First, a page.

Rocket Propulsion: Definition & Principles

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  • 0:04 Understanding Rocket…
  • 0:55 Types of Rocket Propulsion
  • 2:01 Principles of Propulsion
  • 5:04 Lesson Summary
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Lesson Transcript
Instructor: Lori Jones

Lori has a degree from Stanford, was Principal of a K-12 private school that she started, has a Master's degree, and taught at the high school level.

Rockets and traveling to space has long been a fascinating subject for young and seasoned minds alike. In this lesson, you'll get an overview of rocket propulsion and learn some of its principles, concepts, and terms.

Understanding Rocket Propulsion

The loud rumble of the engines. The sparks shooting from boosters. The steam rising from the ground as a structure weighing in at approximately 2,000 tons lifts off and escapes our atmosphere to enter the vastness of space!

Many of us have been awed by a rocket or a space shuttle launch, but we don't often think about the process and technology required. We may have heard the term 'rocket propulsion,' but we might not quite understand everything that's involved in getting a rocket or shuttle through the earth's atmosphere and into space.

When rockets leave the launch pad, they need a lot of power to lift them off the ground. Accomplishing this feat, however, isn't easy when you consider that rockets can weigh upwards of 4.4 million pounds.

Because of this massive weight, rockets have to rely on a powerful propulsion system. Rocket propulsion is the process that uses force to move a rocket off the ground and into the atmosphere.

Types of Rocket Propulsion

For propulsion to work, rockets need a solid or liquid propellant, which consists of a fuel source and an oxidizer, the source of oxygen that's needed to burn the fuel.

There are two types of rocket propulsion that will launch a rocket off the ground:

  1. solid propulsion: the fuel and oxidizer are combined as a solid
  2. liquid propulsion: the fuel and oxidizer are stored separately, then later combined and ignited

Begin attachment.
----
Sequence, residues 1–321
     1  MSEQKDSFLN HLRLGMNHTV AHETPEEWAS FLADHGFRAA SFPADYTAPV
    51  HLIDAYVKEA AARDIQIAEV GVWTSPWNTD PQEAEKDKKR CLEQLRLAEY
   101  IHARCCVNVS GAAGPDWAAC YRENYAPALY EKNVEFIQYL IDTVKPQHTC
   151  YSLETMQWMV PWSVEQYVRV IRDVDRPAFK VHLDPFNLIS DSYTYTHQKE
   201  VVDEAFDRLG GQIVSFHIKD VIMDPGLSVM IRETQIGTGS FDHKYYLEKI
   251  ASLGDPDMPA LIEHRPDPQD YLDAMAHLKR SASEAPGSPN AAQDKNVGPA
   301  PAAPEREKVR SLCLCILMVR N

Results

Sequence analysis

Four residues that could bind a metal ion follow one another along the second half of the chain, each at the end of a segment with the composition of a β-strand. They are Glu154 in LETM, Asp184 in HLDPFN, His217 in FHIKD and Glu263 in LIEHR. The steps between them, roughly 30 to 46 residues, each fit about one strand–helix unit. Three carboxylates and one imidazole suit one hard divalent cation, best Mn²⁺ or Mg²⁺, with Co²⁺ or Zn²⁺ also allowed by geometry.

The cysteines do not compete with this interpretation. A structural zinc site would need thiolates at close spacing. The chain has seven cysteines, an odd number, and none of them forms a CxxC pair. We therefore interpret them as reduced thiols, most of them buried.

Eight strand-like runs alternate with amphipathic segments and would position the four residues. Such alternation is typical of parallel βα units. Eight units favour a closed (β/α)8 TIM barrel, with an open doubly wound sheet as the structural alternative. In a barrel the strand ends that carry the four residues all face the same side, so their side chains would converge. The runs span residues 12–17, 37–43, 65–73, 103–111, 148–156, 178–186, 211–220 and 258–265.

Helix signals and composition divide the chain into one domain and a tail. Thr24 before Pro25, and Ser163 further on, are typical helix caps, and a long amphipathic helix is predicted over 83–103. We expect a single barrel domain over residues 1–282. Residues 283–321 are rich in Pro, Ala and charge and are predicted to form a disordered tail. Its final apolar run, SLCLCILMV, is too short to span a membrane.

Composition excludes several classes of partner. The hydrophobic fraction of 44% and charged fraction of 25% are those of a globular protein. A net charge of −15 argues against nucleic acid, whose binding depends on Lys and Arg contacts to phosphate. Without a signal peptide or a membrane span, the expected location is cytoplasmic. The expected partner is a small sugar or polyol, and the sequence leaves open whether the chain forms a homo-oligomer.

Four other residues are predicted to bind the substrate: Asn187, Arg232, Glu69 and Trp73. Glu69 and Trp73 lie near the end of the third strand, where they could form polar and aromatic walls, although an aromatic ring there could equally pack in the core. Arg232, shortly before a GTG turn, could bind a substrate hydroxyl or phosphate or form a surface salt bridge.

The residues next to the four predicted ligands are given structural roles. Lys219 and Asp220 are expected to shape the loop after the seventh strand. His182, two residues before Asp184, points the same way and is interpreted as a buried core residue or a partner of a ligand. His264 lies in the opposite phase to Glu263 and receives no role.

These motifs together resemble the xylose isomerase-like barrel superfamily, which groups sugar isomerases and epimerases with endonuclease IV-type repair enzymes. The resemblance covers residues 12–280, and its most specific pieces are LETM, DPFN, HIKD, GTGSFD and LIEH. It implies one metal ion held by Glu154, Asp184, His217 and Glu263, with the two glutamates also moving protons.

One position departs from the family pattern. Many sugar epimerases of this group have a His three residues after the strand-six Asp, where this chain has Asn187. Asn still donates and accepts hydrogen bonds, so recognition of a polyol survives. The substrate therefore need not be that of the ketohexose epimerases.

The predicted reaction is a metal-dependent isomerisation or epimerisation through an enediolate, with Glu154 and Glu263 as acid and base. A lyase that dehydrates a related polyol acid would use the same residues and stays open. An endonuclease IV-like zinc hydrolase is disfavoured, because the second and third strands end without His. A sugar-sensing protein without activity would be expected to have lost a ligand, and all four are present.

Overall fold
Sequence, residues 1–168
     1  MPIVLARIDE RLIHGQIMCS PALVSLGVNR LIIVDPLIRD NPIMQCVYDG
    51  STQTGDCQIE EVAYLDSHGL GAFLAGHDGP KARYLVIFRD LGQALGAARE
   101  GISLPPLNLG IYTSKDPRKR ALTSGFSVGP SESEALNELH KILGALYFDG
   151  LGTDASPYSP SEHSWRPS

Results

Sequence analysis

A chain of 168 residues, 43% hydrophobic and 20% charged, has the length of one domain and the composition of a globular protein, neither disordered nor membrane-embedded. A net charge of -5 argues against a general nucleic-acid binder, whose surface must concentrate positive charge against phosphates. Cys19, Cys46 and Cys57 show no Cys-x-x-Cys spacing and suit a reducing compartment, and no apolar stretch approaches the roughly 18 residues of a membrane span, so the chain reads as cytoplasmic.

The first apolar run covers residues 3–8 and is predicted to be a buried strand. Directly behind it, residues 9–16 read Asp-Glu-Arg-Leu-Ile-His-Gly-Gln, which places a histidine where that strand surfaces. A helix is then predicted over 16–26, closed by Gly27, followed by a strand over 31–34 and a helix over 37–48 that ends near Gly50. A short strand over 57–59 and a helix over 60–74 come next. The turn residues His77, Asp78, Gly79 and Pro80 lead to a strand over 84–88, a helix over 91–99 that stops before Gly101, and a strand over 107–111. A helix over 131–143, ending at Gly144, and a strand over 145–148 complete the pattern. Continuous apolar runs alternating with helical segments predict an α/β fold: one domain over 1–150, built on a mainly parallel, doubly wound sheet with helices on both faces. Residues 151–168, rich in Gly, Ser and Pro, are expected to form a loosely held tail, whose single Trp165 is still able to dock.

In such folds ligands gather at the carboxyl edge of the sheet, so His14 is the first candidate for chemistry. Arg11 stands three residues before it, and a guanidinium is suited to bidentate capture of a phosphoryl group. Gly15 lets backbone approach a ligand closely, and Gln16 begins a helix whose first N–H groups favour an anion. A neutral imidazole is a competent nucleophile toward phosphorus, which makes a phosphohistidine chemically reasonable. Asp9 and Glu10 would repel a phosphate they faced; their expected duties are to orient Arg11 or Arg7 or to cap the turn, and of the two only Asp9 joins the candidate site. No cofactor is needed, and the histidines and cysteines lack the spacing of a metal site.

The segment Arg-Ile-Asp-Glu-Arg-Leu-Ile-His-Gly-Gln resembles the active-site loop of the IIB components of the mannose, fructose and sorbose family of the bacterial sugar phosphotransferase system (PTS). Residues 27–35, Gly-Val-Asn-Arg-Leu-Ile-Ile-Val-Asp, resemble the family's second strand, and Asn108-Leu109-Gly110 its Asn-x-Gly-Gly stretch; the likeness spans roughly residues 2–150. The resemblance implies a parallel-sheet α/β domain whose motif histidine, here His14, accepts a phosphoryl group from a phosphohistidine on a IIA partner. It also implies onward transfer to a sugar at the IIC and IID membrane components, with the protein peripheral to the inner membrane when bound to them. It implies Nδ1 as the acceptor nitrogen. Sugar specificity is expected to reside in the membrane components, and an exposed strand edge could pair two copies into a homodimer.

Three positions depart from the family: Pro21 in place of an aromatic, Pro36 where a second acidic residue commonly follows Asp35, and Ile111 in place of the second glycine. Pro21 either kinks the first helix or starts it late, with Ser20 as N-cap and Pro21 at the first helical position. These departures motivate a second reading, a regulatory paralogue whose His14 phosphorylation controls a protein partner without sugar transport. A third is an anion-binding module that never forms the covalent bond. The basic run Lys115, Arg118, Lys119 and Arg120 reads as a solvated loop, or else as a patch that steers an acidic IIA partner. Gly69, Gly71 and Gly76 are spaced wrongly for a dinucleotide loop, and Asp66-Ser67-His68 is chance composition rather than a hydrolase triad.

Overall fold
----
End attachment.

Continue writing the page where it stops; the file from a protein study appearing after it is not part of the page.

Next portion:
Solid propulsion rockets, primarily used as boosters for launch, tend to be safer, more reliable, lighter, and lower in cost. However, once ignited, the engine cannot be shut down or restarted, and the amount of power cannot be controlled.

Liquid propulsion rockets are more complicated and costly, but are also more controllable, can reach greater velocities, and can be both shut down and restarted.

In NASA's shuttle program, both types of engines have been used during a launch: the engines of the space shuttle used liquid fuel, and the two solid rocket boosters (SRBs) used solid fuel. Once the solid fuel of the SRBs was exhausted, these boosters were separated from the shuttle, and later recovered for future use.

Principles of Propulsion

Here are the different principles of rocket propulsion, given one at a time.

1. Combustion

The presence of the fuel and oxidizer alone, however, isn't enough to launch a rocket. A chemical reaction (the burning of the fuel) must take place in a controlled environment. This is called combustion.

This environment is found in the three main components of a rocket engine: the combustion chamber, the throat, and the nozzle.

2. Thrust

The propellant moves through these three components, burns, and converts to gas. This rapid transformation produces thrust, which is the mechanical force or push that moves a rocket off the ground and/or through the air.

In thrust, we see Newton's third law of motion in action: ''Every action has an equal but opposite reaction.'' Gasses rapidly leaving the engine push downward (action), which then forces the rocket upward and off the ground (reaction).

Because rockets vary in size, weight and type of propellant, the thrust required also varies. The heavier the rocket is overall, the more thrust is required to lift it off the ground. Ironically enough, most of the weight of a rocket at launch is taken up by the fuel.

To further complicate matters, as the rocket ascends, the solid and/or liquid propellant continues to burn, which reduces the weight of the rocket with every passing second. The thrust must therefore be adjusted until the rocket leaves the atmosphere. This is done through liquid propulsion, as the thrust of solid propulsion rockets cannot be controlled.

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